As of Tuesday morning, 233 patients are being treated in hospitals across Estonia and 896 new cases were recorded in the last day, data from the Health Board shows. Of the hospitalized patients, 169 (72.5 percent) are unvaccinated and 64 (27.5 percent) are vaccinated.
In total, 6,219 tests were analyzed with the positive share at 14.4 percent. Of the new cases, 599 (66.9 percent) were unvaccinated and 297 (33.1 percent) had finished the vaccination cycle.
In total, 761,508 people have been vaccinated against COVID-19 in Estonia, with 711,088 of them having already received their second dose. 1,739 vaccine doses were administered since Monday morning.
Estonia's rate of infections per 100,000 inhabitants over the past 14 days now stands at 690.91, data from the Health Board shows.
There were nine deaths, involving a 62-year old man, a 72-year old man, a 74-year old man, a 77-year old man, a 77-year old woman, an 85-year old woman, an 86-year old man, an 88-year old woman and a 99-year old man. The coronavirus has claimed the lives of 1,379 people in Estonia in total.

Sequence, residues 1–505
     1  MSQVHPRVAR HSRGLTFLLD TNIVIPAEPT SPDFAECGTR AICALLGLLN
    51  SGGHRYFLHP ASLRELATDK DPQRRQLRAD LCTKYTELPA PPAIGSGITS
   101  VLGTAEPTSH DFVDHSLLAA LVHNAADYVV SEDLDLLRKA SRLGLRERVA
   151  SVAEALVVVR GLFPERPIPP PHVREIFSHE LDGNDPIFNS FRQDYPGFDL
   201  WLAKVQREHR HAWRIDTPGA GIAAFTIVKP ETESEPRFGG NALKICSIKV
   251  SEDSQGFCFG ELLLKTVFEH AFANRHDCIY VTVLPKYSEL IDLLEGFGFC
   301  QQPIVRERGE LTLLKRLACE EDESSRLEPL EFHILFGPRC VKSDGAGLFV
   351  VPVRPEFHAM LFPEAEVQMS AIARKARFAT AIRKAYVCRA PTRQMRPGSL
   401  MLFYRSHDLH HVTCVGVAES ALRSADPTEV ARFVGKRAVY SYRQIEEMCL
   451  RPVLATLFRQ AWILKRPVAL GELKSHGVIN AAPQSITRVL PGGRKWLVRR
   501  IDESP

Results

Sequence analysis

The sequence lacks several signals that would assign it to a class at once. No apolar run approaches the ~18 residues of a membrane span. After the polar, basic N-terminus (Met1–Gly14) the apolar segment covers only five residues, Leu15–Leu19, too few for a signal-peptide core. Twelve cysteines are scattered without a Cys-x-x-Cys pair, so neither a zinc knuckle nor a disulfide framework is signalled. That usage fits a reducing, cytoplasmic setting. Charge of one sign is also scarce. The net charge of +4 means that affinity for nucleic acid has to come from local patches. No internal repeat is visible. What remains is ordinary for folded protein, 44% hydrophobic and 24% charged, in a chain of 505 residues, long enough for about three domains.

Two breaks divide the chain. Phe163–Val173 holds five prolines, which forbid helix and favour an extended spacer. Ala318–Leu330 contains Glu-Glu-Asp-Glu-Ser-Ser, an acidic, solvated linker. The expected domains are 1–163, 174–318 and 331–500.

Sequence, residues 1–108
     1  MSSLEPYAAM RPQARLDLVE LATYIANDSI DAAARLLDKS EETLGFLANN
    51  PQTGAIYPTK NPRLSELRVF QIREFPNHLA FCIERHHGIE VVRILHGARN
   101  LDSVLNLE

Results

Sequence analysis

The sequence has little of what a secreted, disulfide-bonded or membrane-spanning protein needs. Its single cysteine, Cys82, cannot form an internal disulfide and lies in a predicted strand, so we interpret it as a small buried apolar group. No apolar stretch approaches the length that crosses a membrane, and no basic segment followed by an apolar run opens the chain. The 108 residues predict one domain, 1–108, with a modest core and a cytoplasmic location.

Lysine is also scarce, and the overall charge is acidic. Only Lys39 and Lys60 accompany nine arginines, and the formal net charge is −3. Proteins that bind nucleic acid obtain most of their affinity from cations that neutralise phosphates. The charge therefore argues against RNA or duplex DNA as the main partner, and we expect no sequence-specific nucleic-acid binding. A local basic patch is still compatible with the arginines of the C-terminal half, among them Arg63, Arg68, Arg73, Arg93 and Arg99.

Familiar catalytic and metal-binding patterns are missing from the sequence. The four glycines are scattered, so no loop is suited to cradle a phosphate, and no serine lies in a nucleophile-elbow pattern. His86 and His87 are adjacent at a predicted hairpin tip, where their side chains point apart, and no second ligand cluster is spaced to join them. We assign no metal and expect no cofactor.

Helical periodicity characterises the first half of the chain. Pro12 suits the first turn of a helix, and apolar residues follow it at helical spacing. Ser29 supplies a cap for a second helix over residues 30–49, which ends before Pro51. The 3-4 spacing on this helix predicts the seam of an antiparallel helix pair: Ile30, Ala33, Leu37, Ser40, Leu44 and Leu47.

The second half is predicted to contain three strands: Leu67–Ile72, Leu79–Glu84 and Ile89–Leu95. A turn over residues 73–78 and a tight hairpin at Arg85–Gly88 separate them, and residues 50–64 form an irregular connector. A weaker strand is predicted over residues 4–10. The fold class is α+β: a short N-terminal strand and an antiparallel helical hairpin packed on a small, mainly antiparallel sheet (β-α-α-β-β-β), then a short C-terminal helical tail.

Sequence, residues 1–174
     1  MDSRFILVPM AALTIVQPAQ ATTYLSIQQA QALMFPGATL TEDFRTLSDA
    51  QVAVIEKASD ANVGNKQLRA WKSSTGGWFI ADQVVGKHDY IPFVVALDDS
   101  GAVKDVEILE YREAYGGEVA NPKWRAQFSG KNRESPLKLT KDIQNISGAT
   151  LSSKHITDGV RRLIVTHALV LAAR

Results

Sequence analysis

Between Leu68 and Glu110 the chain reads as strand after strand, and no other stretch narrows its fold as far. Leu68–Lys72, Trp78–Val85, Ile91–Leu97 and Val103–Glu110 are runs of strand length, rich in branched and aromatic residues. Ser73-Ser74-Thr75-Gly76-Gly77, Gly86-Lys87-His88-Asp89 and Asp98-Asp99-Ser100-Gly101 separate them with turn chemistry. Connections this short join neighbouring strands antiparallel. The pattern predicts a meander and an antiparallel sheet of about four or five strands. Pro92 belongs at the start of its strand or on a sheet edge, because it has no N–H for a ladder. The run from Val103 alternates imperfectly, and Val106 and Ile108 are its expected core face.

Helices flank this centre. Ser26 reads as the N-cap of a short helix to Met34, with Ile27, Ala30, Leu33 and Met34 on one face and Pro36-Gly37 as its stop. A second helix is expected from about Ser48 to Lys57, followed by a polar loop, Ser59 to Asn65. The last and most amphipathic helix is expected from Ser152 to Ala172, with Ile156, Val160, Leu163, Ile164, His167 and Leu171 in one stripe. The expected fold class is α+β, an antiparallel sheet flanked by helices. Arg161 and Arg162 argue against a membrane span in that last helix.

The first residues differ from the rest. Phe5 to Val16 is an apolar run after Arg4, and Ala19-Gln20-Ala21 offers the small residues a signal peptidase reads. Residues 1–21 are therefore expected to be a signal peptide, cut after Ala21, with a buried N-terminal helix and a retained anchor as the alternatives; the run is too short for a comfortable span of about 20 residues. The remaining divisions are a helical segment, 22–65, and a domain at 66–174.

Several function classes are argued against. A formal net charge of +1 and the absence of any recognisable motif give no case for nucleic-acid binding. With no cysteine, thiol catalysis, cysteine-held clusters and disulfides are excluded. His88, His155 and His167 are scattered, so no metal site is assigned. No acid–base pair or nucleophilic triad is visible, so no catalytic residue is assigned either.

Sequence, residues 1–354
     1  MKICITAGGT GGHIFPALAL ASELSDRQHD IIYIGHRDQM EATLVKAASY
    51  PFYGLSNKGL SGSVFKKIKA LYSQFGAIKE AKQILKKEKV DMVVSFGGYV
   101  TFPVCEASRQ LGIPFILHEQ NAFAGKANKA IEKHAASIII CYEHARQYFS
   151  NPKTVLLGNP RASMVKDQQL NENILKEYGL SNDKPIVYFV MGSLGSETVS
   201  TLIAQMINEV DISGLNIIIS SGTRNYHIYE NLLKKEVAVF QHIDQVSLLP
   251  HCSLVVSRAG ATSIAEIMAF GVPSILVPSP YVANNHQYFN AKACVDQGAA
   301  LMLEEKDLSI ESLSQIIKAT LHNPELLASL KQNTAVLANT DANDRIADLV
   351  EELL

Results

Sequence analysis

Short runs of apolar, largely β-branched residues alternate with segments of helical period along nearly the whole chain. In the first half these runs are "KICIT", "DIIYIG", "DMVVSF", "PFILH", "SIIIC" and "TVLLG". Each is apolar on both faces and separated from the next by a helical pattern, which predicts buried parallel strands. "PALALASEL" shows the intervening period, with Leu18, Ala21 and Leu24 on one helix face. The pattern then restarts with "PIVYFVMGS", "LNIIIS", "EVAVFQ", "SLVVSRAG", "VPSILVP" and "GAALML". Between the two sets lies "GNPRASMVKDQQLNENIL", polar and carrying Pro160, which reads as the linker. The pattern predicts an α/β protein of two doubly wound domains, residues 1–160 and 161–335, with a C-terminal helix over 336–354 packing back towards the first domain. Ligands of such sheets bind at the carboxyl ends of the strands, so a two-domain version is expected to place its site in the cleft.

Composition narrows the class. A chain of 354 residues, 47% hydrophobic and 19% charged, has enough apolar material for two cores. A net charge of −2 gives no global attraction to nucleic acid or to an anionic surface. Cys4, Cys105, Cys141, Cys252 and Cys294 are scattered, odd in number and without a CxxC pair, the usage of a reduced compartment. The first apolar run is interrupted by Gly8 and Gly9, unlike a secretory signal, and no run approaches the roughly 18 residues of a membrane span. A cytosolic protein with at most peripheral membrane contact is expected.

233 people receiving treatment in hospital, 19 in intensive care
As of Tuesday morning, 233 people are receiving treatment in hospital with 13 under assisted breathing. There are 19 patients in intensive care.
A total of 6,219 primary coronavirus tests were carried out over the past 24 hours with 896 returning positive and 5,323 negative – a positive rate of 14.4 percent.
There have been 1,945,216 tests conducted in total since the start of March last year, with 159,787 total cases of COVID-19 diagnosed.
145,960 people are considered to have recovered from the novel coronavirus in Estonia with 47,255 (32.4 percent) at least 28 days removed from their last positive test. 98,705 of the total recoveries are closed cases but have not yet had 28 days since their last positive test.
For more data visit koroonakaart, which offers detailed data in Estonian, English and Russian.
How can the spread of coronavirus be stopped?
- The most efficient measure is keeping your distance.
- In crowded places and especially indoors where it is not possible to keep your distance from other people, it is advisable to wear a mask.
- Closed, crowded spaces should be avoided if possible.
- Hands must be washed frequently with soap and warm water.
- When you sneeze or cough, cover your mouth and nose with disposable tissue.
- Anyone who becomes ill should stay at home, even if their symptoms are mild.
- People who develop any symptoms should contact their family physician.
Editor: Kristjan Kallaste